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Brazil highways’ maintenance to the private sector on 10 year contracts

Friday, February 24th 2012 - 07:30 UTC
Full article 2 comments
Infrastructure and Transport Department Executive director Tarcisio Gomes de Freitas Infrastructure and Transport Department Executive director Tarcisio Gomes de Freitas

After selling concessions for the expansion and operation of three major airports and a highway earlier in 2012, Brazil is preparing a plan to sell 10-year highway maintenance contracts without tolls, a newspaper said on Thursday.

The government expects to sell so-called shadow-toll concessions for the upkeep and improvement of some of its federal highways in 2012, the Estado de S.Paulo paper said citing the executive director of the National Infrastructure and Transport Department Tarcisio Gomes de Freitas.

The shadow-toll model for highway concessions has been successful in several countries (UK, France, Norway and Portugal) and derives its name from the transfer of the cost of a highway's improvement and upkeep to the taxpayer rather than the actual user of the road.

In the new auction model under design, the government would pay the lowest bidder for the operation and improvement of federal highways, many of which lack sufficient traffic to attract investors. Most of Brazil high-flow highways are already under concession with tolls.

Strong automobile sales coupled with growth in disposable income among Brazil's middle class have resulted in increases in the use of highways under concession at many multiples above the expansion of GDP in recent years.

The shadow-toll model has its appeal in countries like Brazil, where political opposition to privatizing national assets runs strong. Despite the ruling Workers' Party's aversion to the sale of state assets, the government raised 14 billion dollars by selling concession rights to private investors to upgrade and operate three of the country's main airports earlier this year.

The government of President Dilma Rousseff also sold a build-and-operate concession for a highway in Espirito Santo in January to the winning bidder Ecorodovias, in the first highway auction since 2009. Spanish construction company OHL is also a major concession holder in of highways in Brazil.

The recent concessions awarded to large Brazilian and international contractors and construction companies are seen as sign that the Rousseff government is willing to take a more market-based approach to logjams that for decades have hobbled investment in Brazil's underdeveloped infrastructure.

Categories: Economy, Politics, Brazil.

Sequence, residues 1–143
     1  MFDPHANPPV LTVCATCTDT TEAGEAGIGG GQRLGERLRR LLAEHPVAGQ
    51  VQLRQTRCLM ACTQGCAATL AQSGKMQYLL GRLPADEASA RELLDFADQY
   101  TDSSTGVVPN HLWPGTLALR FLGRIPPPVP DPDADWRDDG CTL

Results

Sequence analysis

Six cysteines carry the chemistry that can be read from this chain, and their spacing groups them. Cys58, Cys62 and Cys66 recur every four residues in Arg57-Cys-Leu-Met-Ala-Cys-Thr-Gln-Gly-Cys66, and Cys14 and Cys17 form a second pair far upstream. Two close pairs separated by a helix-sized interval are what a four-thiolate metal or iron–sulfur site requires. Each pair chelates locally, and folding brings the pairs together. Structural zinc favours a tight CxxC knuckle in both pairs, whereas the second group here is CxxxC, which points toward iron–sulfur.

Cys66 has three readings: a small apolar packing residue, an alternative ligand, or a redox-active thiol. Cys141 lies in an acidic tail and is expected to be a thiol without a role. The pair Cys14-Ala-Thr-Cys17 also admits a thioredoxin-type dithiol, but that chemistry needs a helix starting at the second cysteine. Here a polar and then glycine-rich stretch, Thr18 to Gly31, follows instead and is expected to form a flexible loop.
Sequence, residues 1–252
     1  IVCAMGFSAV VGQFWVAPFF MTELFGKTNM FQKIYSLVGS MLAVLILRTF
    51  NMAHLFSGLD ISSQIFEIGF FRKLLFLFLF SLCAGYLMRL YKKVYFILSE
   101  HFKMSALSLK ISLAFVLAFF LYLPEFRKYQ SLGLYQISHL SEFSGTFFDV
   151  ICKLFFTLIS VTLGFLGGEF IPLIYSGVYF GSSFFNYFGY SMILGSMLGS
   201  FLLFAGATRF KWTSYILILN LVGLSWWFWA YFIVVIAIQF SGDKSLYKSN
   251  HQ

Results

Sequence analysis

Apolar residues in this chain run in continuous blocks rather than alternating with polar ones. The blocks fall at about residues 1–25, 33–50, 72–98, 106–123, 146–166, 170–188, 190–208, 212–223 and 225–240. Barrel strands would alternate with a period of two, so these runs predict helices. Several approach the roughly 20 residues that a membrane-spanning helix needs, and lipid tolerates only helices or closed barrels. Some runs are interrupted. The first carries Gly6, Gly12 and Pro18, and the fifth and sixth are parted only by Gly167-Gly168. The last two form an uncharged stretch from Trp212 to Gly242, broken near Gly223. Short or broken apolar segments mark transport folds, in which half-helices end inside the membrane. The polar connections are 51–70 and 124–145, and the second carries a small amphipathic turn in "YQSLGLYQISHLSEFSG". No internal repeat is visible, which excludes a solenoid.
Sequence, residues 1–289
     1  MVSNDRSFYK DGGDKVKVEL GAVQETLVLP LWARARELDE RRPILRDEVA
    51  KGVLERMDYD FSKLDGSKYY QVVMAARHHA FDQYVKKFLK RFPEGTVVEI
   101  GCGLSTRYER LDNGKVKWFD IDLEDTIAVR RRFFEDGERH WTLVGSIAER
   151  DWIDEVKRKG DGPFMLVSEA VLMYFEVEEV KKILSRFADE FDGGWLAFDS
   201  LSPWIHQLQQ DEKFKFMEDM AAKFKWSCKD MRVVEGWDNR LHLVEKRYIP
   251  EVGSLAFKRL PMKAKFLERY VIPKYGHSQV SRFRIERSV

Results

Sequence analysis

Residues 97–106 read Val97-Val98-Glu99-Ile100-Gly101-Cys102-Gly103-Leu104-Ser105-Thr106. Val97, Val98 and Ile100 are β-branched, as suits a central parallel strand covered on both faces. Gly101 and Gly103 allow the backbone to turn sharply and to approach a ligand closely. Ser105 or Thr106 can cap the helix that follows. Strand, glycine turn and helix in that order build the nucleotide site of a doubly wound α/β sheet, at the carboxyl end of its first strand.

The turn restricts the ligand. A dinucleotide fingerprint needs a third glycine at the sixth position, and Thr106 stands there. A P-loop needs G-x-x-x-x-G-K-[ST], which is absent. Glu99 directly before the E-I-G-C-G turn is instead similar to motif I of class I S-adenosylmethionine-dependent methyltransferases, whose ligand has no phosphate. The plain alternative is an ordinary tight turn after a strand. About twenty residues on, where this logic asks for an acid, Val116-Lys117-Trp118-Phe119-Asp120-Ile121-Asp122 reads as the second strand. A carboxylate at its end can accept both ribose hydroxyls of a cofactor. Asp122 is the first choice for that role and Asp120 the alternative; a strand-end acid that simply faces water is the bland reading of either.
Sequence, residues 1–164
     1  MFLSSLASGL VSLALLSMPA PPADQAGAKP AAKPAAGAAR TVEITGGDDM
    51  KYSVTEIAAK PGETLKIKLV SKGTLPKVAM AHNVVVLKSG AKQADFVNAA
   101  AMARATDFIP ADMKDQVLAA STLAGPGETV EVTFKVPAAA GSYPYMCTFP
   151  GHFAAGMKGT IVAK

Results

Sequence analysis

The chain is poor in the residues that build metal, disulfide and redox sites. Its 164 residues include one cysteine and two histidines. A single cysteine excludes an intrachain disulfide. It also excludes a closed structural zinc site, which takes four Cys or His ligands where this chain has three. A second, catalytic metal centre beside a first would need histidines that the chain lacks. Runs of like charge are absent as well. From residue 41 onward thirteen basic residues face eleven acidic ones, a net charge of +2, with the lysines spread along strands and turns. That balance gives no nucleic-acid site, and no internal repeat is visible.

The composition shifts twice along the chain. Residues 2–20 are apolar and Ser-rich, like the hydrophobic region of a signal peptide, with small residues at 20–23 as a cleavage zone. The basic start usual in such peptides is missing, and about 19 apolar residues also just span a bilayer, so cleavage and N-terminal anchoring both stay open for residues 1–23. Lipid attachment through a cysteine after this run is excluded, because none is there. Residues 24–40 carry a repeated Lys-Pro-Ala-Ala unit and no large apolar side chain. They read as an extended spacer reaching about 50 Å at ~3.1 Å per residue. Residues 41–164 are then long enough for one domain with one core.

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  • GeoffWard2

    The problem isn't 'public or private',
    though this conditions the revenue and cost variables,
    it's the quality of the build itself. This is fundimental, and a serious weakness. This was understood 2000 years ago when the Romans built roads.

    Though the Brasilian motorways do suffer from land slides and frequently huge sections of motorway slide into valleys, the major problems are with the medium sized roads of the type that 'sustain' populations the whole world over.
    In Brasil these roads are commonly 'an inch or so of tarmac spread directly onto the sand/subsoil'.
    Thus, every year, potholes break up the road by the million - typically as deep as a car axle, full of rain water for a lot of the 'rainy season' and frequently marked by a tree branch placed in the hole. A road can look like an avenue of saplings and traffic weaves around and across the road in a sometimes deadly game of two-way-dodgems. Playing the game in the dusk/dark when pedestrians, bicycles, donkey carts and frequently motorbikes chose to travel against the flow of traffic (they consider it safer to see the oncoming traffic rather than to be hit up the rear) and you have a recipe for the clogged-chaos that hundreds of thousands of Brasilian feeder-roads have become.

    Road contour drainage and roadside drainage.
    Road sub-basement capable of retaining its integrity when constantly traveresed by 44 tonne axleweight trucks.
    High-grade impermeable road surfaces with visible, logical lanes and other road-surface markings.
    Raised road edgings and continuous pedestrian pavements maintained to 'road standard' in urban areas and
    reinforced road edgings in rural areas, especially where the 'hard-shoulder' is at risk of erosion and wash-away.

    Yes, there is a huge need to bring road infrastructures, road build, maintenance, and buried/aerial roadside utility services up to first world standard.
    Whatever it takes, public and private.

    Feb 24th, 2012 - 11:17 am 0
  • ChrisR

    1 GeoffWard2

    It must be a LatAm problem. Here in Uruguay I was amazed how the local A & B class roads are constructed in the way you describe, with much the same results.

    However, for us there is a ray of hope: elections this year! One of my Urugauyo friends has told me that 'all the potholes will be filled in soon'.

    This is so the present incumbents of the Intendencia will be able to claim that 'they are looking after your interests'. Doesn't fool too many people.

    Feb 26th, 2012 - 09:29 am 0
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